Volume 68 | February 2023

Cover Story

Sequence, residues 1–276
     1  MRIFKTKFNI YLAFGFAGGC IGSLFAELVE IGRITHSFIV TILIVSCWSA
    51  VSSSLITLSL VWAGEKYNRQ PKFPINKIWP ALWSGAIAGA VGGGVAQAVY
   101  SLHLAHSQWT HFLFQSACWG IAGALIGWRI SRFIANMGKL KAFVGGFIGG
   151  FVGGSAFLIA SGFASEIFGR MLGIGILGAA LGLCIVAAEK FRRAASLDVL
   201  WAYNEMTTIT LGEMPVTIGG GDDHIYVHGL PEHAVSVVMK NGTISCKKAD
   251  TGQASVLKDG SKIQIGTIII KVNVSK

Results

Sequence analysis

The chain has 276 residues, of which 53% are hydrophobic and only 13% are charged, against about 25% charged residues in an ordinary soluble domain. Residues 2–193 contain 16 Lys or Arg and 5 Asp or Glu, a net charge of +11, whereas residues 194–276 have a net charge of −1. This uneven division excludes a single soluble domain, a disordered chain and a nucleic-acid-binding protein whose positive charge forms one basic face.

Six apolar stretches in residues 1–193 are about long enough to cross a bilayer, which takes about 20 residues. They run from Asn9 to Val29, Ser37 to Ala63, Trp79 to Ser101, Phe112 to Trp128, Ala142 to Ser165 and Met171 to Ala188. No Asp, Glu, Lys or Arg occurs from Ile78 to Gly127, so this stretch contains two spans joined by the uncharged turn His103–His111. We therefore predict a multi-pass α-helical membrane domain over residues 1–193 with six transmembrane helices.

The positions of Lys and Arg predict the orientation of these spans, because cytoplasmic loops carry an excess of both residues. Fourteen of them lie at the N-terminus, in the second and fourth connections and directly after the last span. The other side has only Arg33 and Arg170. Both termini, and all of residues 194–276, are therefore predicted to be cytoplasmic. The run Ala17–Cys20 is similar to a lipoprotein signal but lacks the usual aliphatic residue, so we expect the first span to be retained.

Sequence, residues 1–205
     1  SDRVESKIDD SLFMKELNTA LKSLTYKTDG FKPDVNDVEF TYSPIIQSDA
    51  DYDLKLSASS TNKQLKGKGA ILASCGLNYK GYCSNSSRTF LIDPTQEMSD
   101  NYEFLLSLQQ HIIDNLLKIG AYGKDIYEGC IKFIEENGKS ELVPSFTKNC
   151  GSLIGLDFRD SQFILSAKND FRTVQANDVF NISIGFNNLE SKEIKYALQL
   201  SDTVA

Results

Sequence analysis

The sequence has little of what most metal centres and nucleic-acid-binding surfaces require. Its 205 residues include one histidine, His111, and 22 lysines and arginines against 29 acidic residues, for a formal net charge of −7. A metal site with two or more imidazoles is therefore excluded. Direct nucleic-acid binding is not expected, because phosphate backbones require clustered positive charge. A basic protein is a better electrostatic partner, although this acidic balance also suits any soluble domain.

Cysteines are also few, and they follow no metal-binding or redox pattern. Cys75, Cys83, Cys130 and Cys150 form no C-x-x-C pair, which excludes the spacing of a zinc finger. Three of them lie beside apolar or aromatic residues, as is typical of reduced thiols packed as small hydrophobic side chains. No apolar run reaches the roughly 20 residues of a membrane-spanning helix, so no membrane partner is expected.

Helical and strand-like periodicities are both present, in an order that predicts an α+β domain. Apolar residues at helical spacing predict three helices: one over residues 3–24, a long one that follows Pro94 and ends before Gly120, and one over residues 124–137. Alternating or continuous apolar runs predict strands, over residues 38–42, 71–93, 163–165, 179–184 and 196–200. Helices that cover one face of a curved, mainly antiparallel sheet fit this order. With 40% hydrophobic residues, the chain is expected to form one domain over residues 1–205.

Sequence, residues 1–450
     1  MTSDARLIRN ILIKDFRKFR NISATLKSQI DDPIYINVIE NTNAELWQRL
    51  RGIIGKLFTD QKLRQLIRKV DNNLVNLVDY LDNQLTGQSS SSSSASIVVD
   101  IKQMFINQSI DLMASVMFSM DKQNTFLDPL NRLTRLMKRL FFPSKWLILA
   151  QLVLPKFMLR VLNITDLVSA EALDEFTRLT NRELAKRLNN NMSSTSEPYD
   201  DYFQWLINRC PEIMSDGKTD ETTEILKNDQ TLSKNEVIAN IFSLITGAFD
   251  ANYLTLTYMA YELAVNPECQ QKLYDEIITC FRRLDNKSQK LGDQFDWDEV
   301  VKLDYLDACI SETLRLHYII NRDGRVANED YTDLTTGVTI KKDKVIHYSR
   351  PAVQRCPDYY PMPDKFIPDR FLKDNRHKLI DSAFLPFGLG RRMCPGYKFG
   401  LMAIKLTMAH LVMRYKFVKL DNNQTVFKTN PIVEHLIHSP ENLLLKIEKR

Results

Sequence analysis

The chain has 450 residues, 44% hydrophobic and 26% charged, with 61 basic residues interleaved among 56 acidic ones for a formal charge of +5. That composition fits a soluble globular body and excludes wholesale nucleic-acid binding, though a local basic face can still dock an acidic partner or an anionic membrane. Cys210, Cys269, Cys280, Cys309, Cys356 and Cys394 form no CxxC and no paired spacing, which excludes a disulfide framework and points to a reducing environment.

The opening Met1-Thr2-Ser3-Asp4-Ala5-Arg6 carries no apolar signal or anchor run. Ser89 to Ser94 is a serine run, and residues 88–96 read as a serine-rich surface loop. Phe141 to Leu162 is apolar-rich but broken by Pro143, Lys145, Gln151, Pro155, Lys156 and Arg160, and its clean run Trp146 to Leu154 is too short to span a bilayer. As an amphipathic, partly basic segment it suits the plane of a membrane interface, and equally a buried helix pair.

In ‘classic’ polarisation, macrophages undergo pro-inflammatory M1 activation in response to cues including Toll Like Receptor (TLR) agonists and IFNγ but in contrast, in response to agents including IL-4, IL-10 or IL-13, they become M2 macrophages, which are generally thought of as having anti-inflammatory or tissue repair actions. Aberrant regulation of macrophage polarisation and activation is suspected to underlie pathology in metabolic illness such as diabetes and cardiovascular disease but the regulatory paradigms underlying immunometabolic control are still being determined. During an early evolutionary phase, regulation of immunometabolic enzymes is likely to have occurred in response to nutrients and metabolites such as itaconate, which has been shown to mediate suppression of M1 cytokines, IL-1β and TNF-α, as well as suppression of the M1 marker iNOS.

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